book review · maggie stiefvater · review · scholastic · the dream thieves · the raven cycle

Review: The Dream Thieves

The Dream Thieves by Maggie Stiefvater. Oh man. I’ve tried to write this review several times, but I couldn’t manage to keep my fangirl and reviewer halves in balance. This time, let’s get down to business (to defeat the Huns…). Also, as this is a sequel, there are some spoilery bits below. Nothing major though, so it’s mostly safe. Maybe? Eh, use your judgement. 
This is the second installment in Maggie’s The Raven Cycle quartet, and focuses primarily on Ronan Lynch. Ronan can take things out of his dreams and bring them into his real life, an ability he inherited from his father, Niall. A significant portion of this novel delves into Ronan learning about his dream ability and his family’s secrets. I really enjoyed this different perspective into Ronan’s life, and the scene where a young Ronan wakes his father is an image that stayed with me long after I finished reading.

“Niall’s face was smeared with blood and blue petals. “I was just dreaming of the day you were born,” Niall said, “Ronan.” He wiped the blood on his forehead to show Ronan that there was no wound beneath it…Ronan was struck with how sure he was that they’d come from his father’s mind. He’d never been more sure of anything.” (3-4).

The first book in this series, The Raven Boys (reviewed here), provides a much more singular look at Ronan. But in The Dream Thieves, we are treated to the full expanse of Ronan Lynch – his admittedly brief moments of kindness, his sharp wit and sharper smirk, his wild streak and unfailing loyalty. I came to appreciate Ronan so much more in this book, and I enjoyed how Maggie’s writing style even began to reflect Ronan’s perspective – sentences were sharper, there was a frenetic energy to certain scenes that appropriately portrayed Ronan’s anxiety. A friend has expressed that she didn’t like this aspect of the writing, but it didn’t bother me like it did her, so…personal opinions differ.  I also found Ronan’s relationship with Kavinsky so intriguing (in a Fatal Attraction kind of way, that is). Because going from “hey bro I dreamt you some more of those bracelets you like” to “hey bro if I can’t have you bad shit’s gonna go down” is really NOT OKAY KAVINSKY but you made a brilliant (if confusing) character.

While Ronan is obviously the focus of The Dream Thieves, each of the other characters has important development. Adam, bless his heart, is really having a tough time post-sacrifice. It’s hard to be Cabeswater’s eyes and hands when Cabeswater…you know, disappears. And the ley lines are having a power shortage because certain people are dreaming too enthusiastically. But the scenes where we see Adam struggle with his anger were heartbreaking, and the scenes where his heart is breaking had me enraged. There were moments were I felt that Adam was on the verge of becoming too pitiful to enjoy his character anymore (aka Gansey’s mom’s party), but I’m hoping that Adam’s re-centering of sorts does a world of good.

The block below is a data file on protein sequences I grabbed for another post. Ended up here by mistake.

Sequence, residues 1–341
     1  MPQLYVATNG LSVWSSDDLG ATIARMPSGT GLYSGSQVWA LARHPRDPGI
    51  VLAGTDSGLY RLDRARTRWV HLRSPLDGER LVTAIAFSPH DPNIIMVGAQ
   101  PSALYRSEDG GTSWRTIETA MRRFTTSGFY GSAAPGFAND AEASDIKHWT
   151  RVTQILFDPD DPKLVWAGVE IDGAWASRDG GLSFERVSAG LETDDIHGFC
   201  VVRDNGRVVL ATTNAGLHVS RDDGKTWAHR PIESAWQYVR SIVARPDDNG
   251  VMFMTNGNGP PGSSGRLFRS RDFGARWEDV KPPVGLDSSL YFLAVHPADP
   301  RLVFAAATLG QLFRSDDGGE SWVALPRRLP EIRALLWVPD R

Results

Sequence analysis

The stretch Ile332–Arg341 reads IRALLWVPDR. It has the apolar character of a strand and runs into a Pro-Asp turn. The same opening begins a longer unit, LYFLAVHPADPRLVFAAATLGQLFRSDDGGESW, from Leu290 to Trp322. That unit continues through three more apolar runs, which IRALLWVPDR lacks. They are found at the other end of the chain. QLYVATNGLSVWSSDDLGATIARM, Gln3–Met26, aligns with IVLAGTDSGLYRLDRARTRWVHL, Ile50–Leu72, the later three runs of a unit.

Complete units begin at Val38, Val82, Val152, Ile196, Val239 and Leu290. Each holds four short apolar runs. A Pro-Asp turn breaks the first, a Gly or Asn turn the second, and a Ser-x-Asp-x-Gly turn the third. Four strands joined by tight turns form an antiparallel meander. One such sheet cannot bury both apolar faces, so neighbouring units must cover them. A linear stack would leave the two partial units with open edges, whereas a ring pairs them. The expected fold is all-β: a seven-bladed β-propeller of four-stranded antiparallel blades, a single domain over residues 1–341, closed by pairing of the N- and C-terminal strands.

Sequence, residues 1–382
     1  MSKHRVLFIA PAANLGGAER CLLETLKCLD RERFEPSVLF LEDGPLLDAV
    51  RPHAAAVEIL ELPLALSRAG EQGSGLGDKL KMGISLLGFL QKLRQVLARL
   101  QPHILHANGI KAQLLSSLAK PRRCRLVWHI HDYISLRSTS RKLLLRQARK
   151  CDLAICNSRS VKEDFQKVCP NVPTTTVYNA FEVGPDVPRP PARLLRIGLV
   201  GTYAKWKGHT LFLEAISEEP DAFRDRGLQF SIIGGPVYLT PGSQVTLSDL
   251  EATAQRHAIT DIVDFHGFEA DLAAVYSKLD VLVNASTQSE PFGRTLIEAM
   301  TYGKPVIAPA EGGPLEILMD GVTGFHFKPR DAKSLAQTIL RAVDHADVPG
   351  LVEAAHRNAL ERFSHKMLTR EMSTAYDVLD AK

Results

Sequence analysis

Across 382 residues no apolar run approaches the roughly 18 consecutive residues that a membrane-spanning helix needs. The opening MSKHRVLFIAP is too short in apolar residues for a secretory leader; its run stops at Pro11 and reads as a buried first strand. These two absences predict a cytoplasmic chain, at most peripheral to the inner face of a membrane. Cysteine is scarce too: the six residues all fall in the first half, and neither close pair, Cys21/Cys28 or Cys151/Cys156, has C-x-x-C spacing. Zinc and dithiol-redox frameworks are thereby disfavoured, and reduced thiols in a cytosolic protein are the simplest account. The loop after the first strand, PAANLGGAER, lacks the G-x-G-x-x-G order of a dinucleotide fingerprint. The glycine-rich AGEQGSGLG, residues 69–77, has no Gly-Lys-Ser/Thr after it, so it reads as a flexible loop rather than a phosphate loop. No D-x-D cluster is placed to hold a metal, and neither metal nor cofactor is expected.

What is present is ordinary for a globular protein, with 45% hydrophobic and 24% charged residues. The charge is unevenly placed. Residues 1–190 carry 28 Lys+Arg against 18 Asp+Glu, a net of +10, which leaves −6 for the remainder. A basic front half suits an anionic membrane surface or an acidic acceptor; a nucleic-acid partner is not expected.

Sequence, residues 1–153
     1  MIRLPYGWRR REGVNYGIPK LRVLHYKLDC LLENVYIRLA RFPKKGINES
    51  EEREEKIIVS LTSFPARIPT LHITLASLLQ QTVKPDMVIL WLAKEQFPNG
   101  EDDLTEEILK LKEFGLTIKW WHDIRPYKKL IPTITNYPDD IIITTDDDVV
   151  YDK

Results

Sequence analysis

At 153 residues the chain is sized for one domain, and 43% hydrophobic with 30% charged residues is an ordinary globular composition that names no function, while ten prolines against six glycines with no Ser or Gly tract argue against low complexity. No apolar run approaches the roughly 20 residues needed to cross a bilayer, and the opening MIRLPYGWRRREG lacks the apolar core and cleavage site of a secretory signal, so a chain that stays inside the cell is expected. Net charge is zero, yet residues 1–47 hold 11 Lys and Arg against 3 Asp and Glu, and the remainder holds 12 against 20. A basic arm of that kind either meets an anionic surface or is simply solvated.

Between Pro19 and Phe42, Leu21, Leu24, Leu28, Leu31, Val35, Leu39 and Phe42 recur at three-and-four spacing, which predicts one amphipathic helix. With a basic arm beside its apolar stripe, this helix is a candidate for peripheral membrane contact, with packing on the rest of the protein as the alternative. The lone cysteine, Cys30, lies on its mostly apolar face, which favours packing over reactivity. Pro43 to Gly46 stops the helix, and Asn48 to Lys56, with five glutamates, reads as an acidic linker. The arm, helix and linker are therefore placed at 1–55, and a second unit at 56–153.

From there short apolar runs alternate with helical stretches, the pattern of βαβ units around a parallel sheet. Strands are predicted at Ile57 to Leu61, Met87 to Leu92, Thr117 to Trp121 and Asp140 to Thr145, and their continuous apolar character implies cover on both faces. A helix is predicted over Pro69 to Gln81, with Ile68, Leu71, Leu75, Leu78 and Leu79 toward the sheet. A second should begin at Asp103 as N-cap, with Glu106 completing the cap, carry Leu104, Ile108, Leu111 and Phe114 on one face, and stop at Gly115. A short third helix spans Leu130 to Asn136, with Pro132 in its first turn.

“Sometimes Ronan though Adam was so used to the right way being painful that he doubted any path that didn’t come with agony.” (71) V GOOD OBSERVATION RO.

Speaking of Adam’s heart breaking: Blue. I just…I can’t with Blue in this book. I know the third book focuses heavily on her, so I’m honestly hoping my opinions change when I read that book. But as it stands, I am not a fan of Blue. Why not just tell Adam about the curse, or even leave out the true love part? The scene between them goes down so badly…and I can’t help but think it’s largely her fault. I don’t want to get too into this because this is where I break down and go into full-on rant mode in my previous attempts at reviewing this book. The Dream Thieves left me unimpressed and unhappy with Blue Sargent. I hate to harp on something negative when I enjoyed a book so much overall, but BLUE WHY DO YOU MAKE POOR CHOICES?

I must say, however, that one of my favorite scenes in this book is one that occurs between Blue and Noah. It’s the second half of chapter 31, fellow readers. Yep, that scene. On the first read through I laughed because it’s funny and sweet, but as I often do with scenes I enjoy, I read it again. And cried. Because on a second read, it was so sad. Hands-down the saddest kissing scene I’ve ever read. That’s the way I took it, but oh my god y’all.

I genuinely enjoyed this second installment in The Raven Cycle, and gave it 5 stars on my Goodreads page. I loved how visceral this book felt, and there were moments whilst reading when I actually felt scared (hello bird monsters). In certain aspects I think The Dream Thieves surpasses The Raven Boys – it felt more intense, unleashed a wealth of complex plot lines and character development moments. The Dream Thieves stayed with me for days after I finished reading, and I had an hours-long conversation with a friend about all of my theories. I am entirely too invested in this series, and I love it. If you’ve read The Dream Thieves, let me know! I’m going to buddy read Blue Lily, Lily Blue with a friend very soon, so look out for that review.

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